Would you have guessed that one of the movies that has most deftly tackled topics of racism and tolerance in recent memory is an animated Disney film featuring talking animals? Would you have also guessed that the same film is laugh-out-loud funny? What if I told you it’s also a buddy cop movie with several clever pop culture references?
Zootopia is all of those things, but most impressively it’s good at being all of those things. It strikes a near perfect balance between fun family comedy and message film, never feeling like it’s too much of either. It’s Disney’s first talking animal movie in quite awhile, but it’s sure to find a spot in the pantheon with the best of them.
In the world of Zootopia, both predators and prey have evolved past their natural urge to kill each other. Instead of living a life like you’d see in a nature documentary, the animals here have the same diversity of careers as humans. Some are reporters, some run ice cream shops, some are in politics and so on. Judy Hopps (voiced expertly by Once Upon a Time’s Ginnifer Goodwin), a rabbit from a family of farmers, wants to be a police officer despite the opposition of her family and the fact that there has never before been a bunny cop.
There’s your first major feel-good theme for the children: "I’ll just have to be the first one," Judy says, telling the audience that you can be whatever you want to be, no matter who tells you otherwise.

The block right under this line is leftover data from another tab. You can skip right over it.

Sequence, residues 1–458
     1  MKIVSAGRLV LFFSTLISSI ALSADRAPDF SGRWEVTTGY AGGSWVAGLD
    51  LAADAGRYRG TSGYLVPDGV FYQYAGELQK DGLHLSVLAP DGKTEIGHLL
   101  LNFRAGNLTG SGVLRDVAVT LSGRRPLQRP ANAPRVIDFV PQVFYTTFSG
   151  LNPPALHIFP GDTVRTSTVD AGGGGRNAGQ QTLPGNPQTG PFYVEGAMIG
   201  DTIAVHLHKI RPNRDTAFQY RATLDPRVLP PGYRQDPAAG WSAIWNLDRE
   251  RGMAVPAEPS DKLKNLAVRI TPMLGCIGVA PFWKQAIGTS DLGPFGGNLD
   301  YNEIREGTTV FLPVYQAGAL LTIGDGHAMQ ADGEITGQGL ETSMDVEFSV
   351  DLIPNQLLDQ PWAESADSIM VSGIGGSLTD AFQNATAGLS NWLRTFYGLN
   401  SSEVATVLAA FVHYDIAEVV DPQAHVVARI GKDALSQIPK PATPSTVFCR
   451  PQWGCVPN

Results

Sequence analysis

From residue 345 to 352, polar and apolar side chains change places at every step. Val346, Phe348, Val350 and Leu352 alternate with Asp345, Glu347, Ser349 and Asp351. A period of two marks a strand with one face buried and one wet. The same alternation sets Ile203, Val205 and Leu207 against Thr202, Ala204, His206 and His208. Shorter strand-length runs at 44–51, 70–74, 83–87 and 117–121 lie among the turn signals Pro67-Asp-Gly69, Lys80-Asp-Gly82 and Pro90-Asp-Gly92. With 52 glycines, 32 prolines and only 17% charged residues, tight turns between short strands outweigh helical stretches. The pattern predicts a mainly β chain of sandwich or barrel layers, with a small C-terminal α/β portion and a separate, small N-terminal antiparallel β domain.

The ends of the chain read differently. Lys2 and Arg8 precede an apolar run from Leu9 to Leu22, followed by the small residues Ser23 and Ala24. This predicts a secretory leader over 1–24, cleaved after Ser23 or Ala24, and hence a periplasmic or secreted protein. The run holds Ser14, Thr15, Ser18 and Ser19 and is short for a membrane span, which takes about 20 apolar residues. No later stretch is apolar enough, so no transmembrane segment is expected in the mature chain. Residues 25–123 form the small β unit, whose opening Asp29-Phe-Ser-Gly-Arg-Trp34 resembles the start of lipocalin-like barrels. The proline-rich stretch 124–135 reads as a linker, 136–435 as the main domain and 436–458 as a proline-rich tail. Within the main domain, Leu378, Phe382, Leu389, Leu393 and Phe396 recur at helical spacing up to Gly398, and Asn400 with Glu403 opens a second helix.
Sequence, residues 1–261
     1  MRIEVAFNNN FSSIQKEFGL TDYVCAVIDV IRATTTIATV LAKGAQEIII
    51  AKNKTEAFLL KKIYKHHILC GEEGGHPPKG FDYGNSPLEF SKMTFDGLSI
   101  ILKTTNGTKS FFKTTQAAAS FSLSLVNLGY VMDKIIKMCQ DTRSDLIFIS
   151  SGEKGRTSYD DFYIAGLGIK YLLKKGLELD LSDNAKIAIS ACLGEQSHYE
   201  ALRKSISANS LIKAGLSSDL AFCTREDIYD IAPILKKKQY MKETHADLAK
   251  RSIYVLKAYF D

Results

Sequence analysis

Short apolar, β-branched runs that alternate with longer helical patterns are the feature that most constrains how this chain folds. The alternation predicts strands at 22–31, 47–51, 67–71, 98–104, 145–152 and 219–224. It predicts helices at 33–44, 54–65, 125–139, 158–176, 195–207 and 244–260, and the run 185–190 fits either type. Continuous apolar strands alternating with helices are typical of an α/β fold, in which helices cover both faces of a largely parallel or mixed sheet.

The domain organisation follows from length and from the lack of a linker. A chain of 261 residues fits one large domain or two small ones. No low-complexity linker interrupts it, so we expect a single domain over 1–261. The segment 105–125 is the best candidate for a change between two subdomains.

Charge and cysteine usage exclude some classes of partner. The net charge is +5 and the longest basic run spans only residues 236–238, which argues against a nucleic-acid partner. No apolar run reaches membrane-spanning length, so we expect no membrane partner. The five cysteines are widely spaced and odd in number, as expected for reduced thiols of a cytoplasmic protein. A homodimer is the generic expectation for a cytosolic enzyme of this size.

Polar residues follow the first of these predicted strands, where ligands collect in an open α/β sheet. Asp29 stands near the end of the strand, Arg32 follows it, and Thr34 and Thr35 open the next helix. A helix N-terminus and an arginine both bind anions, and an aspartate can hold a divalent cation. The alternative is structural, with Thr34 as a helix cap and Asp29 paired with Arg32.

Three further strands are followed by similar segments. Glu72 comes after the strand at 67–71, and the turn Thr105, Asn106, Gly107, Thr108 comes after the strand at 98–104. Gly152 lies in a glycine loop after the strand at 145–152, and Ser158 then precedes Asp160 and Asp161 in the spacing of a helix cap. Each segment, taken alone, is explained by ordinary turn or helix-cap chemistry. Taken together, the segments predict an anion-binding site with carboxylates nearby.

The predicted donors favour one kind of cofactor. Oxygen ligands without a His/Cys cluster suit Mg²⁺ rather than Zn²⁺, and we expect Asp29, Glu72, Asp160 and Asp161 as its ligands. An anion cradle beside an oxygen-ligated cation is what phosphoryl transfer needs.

But after heading into the big city for her first day on the job, Judy is immediately struck by the harshness of adult life. It’s not enough that she has a depressing apartment with creaky furniture and annoyingly noisy neighbors. She gets to the police department only to find that she is treated as, in her own words, "a token bunny." She’s not there because her skills are respected. She’s there to fill a quota.
And for all her preaching about the importance of not judging a book by its cover, she’s not perfect, either. She and other residents of Zootopia are quick to stereotype certain former-predators, like foxes. In the case of Nick Wilde (Jason Bateman), the shoe almost fits. He’s a con artist always on the lookout for his next big scheme, caring more about himself than anybody around him.
At least until, predictably, circumstances force him to work with Judy on a case that at times resembles Lethal Weapon while other times it has shades of The Great Mouse Detective.
A lesser film would have easily been overwrought on any one of these themes, but Zootopia knows exactly when to rein things in and change things up. A high-action chase scene is followed by an incredibly slow (though surprisingly funny) trip to a DMV run entirely by sloths, which is followed later by another dangerous chase, with moments of steady storytelling in between it all.
Zootopia succeeds in large part because of how relevant it is to today’s society. Sure, this is true in the world’s technology (residents of Zootopia use smart phones that are basically iPhones) and in its cultural references (there’s a Breaking Bad joke. Seriously), but it’s most true in the conflicts of its plot. Bullying, prejudice, biased police officers, celebrities doubling as social advocates … Many of today’s hot button issues are tackled in ways that are still completely fitting for a family movie.
It may not have the catchy music of Frozen, but Zootopia is clever enough to capture the attention of most audiences, whether young or old, big or small, predator or prey.